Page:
- Category: March - April 2010
It’s easy to believe that deliverability failures must be happening to someone else. But what you don’t know about your deliverability leaves your business vulnerable and decreases the amount of revenue you could be generating from the email channel.Return Path, a provider in email deliverability solutions, reviewed data from 131 ISPs in the United States, Canada, Europe, and the Asia Pacific territories from July through December of 2009. What the data shows is that email deliverability still plagues commercial email senders worldwide. In fact, the report reveals that non-delivery rates were as high as 20% across the globe. Asia Pacific showed the best results here, painting a rosy picture as it outperformed both Europe and North America posting an impressive 86.9% inbox placement rate with just 3% of email sent to the bulk folder and 10.7% missing. However, Asia Pacific marketers should not be lulled into a false sense of security here and should understand why email deliverability is still a crisis for commercial email senders.
According to ReturnPath, the three reasons for this are:
- The Bounce Rate Myth: Senders are generally given reports month after month that show a “delivered” metric that tends to be about 95% to 98%. But in most cases this metric is actually the bounce rate. The system is reporting the number of messages sent through the pipe and subtracting the number that return a hard bounce. Top-tier marketers keep very clean lists and the system itself is set up to clean out those hard bounces quickly (usually before the next send). What senders really need to understand are their inbox placement rate (IPR)- the number of emails that actually arrive in the inbox.
- Revenue Masks a Lot of Sins: Email generates a lot of revenue. So, while deliverability failures cost businesses money, this can be masked by the revenue generated by every campaign that goes out the door.
- Change is Hard: Many senders are still resistant to implementing the best practices that make email deliverability more likely and more consistent. There are still many marketers who implement programs with high frequency, low value and lack of segmentation. Research done by the Return Path Professional Services team in the last 18 months shows high percentages of top brands missing basic best practices like welcome messages, efficient opt-out procedures and appropriate permission levels.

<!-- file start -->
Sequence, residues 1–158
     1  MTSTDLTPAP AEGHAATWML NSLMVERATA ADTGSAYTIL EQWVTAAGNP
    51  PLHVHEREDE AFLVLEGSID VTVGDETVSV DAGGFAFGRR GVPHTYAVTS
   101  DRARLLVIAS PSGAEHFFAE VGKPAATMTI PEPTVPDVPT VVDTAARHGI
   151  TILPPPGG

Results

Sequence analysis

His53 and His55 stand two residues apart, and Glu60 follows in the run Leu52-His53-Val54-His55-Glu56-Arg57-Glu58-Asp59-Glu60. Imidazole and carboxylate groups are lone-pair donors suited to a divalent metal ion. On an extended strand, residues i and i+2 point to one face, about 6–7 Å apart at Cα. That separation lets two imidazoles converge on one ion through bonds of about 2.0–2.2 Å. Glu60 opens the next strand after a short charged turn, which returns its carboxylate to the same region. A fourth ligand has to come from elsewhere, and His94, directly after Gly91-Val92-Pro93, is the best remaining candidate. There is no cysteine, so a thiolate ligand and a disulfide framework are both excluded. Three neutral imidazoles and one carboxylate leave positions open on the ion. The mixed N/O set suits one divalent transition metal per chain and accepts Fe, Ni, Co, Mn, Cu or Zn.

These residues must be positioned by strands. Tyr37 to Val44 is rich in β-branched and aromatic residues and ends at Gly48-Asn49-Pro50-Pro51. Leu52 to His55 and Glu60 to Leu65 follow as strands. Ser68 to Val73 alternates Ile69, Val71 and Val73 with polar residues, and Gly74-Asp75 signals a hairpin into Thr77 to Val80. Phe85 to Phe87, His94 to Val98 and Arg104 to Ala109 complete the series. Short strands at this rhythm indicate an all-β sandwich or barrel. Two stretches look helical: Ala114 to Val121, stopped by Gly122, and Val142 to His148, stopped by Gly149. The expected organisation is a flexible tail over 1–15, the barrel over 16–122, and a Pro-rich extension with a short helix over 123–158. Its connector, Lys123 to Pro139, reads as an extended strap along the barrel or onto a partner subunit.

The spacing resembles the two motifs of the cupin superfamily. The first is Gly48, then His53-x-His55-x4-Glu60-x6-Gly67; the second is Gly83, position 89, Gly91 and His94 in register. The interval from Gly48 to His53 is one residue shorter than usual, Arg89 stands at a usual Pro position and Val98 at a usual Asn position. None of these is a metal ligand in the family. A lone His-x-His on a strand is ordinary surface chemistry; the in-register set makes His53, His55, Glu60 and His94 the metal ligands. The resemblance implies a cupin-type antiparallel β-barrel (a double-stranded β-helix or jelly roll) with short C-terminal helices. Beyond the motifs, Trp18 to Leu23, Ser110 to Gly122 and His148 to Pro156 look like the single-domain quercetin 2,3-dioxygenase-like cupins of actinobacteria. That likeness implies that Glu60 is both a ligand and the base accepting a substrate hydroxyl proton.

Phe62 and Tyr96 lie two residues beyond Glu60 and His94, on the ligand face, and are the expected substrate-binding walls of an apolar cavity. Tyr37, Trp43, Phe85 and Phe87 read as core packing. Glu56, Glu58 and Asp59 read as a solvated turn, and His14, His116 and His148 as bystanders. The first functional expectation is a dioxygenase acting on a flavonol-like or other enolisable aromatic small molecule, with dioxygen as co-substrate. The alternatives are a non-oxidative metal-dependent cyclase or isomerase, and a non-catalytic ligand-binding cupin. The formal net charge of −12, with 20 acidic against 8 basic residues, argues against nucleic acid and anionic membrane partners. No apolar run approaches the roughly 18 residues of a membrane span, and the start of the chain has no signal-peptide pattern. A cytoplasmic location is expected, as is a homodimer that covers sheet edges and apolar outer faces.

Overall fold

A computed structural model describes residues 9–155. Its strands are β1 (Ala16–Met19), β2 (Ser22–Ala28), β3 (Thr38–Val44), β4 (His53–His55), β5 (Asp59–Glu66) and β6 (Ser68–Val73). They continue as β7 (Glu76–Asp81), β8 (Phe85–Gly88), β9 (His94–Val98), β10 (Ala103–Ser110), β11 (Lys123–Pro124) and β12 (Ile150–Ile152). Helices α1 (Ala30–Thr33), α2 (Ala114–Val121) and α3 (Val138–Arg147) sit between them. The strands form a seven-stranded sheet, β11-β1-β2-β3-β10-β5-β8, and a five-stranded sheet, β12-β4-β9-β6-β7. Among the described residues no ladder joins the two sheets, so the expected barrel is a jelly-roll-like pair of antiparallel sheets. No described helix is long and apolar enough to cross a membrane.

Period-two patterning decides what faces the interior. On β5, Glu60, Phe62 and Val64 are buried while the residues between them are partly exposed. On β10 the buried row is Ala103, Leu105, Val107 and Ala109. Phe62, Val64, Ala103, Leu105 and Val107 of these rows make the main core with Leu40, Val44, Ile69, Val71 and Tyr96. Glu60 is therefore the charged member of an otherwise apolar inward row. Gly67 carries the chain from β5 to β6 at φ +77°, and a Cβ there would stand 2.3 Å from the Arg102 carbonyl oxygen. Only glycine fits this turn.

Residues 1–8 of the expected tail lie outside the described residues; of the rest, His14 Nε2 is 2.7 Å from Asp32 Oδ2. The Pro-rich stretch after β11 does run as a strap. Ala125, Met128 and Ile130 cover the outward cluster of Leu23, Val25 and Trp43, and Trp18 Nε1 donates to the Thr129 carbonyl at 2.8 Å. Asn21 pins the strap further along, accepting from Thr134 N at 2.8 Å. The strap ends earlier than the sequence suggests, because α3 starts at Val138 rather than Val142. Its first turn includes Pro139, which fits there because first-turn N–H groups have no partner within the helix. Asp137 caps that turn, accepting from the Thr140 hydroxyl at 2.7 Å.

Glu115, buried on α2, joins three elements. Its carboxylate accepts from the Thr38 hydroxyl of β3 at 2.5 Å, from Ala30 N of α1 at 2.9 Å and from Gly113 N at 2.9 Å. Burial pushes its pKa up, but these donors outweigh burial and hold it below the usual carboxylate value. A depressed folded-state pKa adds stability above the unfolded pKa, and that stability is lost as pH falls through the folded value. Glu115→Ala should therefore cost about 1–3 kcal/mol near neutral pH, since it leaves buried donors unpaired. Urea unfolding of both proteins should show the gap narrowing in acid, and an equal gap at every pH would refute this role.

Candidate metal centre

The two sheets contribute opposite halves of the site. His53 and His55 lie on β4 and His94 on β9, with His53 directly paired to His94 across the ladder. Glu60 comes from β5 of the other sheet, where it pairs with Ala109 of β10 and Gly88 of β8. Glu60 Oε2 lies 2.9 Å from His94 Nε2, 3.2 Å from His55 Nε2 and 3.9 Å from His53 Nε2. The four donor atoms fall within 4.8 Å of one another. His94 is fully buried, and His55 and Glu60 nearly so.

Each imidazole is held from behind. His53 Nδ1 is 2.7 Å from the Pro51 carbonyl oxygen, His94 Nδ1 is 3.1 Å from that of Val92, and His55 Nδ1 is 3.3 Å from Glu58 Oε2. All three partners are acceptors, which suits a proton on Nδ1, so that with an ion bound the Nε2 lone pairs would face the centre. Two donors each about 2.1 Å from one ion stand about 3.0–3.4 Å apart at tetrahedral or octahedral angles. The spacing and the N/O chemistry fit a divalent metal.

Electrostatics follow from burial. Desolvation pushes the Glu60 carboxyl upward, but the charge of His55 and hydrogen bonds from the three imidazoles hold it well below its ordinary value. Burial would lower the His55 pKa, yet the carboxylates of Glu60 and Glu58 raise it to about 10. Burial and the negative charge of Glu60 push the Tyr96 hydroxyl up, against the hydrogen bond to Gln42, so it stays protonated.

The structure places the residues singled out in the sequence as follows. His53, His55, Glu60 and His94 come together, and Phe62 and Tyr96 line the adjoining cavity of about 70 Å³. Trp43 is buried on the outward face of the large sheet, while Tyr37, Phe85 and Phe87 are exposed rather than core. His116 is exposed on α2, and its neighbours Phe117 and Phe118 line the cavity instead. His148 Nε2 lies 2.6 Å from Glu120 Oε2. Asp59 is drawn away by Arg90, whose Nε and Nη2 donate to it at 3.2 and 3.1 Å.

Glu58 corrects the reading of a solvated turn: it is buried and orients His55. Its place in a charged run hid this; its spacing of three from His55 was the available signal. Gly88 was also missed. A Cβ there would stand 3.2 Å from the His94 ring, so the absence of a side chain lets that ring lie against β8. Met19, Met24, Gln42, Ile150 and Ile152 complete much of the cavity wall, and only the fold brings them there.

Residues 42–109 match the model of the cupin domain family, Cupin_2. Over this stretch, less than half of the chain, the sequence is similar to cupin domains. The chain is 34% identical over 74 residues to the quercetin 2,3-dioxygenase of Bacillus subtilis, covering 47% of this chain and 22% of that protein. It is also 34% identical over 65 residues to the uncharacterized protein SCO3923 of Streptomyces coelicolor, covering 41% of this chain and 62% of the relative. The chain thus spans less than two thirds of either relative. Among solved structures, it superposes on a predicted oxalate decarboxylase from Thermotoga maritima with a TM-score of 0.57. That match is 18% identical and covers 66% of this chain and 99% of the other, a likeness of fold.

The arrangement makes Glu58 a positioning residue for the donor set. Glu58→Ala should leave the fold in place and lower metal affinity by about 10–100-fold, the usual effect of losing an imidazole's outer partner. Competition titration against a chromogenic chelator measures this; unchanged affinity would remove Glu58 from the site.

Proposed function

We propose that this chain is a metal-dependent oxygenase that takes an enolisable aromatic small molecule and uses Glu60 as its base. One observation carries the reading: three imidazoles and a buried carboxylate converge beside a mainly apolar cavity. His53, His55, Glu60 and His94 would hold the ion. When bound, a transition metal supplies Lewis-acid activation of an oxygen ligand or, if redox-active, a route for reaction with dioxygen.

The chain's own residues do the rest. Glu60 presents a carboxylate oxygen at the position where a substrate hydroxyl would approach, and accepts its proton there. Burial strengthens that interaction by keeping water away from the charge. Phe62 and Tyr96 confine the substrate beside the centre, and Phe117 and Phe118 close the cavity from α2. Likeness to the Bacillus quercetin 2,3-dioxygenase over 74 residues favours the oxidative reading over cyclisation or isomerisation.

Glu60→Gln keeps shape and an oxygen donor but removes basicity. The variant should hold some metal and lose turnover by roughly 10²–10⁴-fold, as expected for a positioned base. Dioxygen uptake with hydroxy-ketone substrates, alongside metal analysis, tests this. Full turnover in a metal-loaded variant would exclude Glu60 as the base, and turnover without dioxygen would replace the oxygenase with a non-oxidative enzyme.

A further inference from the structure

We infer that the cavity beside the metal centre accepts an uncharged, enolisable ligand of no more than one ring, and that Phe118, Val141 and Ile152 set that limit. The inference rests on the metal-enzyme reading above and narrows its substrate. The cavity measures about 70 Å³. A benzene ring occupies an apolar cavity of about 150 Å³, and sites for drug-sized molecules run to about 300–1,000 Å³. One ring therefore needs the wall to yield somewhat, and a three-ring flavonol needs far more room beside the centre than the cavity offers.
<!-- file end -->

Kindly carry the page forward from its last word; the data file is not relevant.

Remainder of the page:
How to improve email deliverability:
1. Get the data you need. Know where your email goes and why. Don’t believe the bounce myth – that whatever gets sent and doesn’t bounce must be reaching the inbox. Gaining access to relevant deliverability data is crucial for marketers to be able to make accurate decisions about their program’s effectiveness.
2. Take deliverability failures seriously. Deliverability failures cost businesses a lot of money. There is significant lost revenue from email that does not get delivered to the inbox. Consumer research consistently shows that people do not check their bulk or junk folders for marketing messages. And even if they do, most of the non-delivered mail isn’t there – it’s completely missing. Remember that email that consumers don’t have access to will not generate a response.
3. Don’t use revenue or response as a proxy for deliverability. Assuming that a program that generates revenue or gets good response must be delivered to all the inboxes that matter is a mistake. Think about how much money you may be leaving on the table if a significant chunk of your list isn’t seeing the messages you send.
4. Don’t accept deliverability failures as inevitable or unfixable. There are companies who are able to maintain consistently high deliverability rates across all ISPs. Remember: 80% is the average. So while that means there are companies at 60% it also means that there are companies at 100%.
5. Take responsibility for where your email lands. While your IT team or email service provider can be important partners, you are responsible for the deliverability of your email. Most of the major drivers of poor inbox placement rates are the direct result of marketing practices, not technical ones. These include complaints, which spike when email is unexpected or undervalued by the recipient and spam traps, which are most often found on lists that are old or have been built with poorly sourced data.
Make sure you are a smart marketer and prevent email delivery problems and low inbox placement rates from negatively impacting your email marketing success.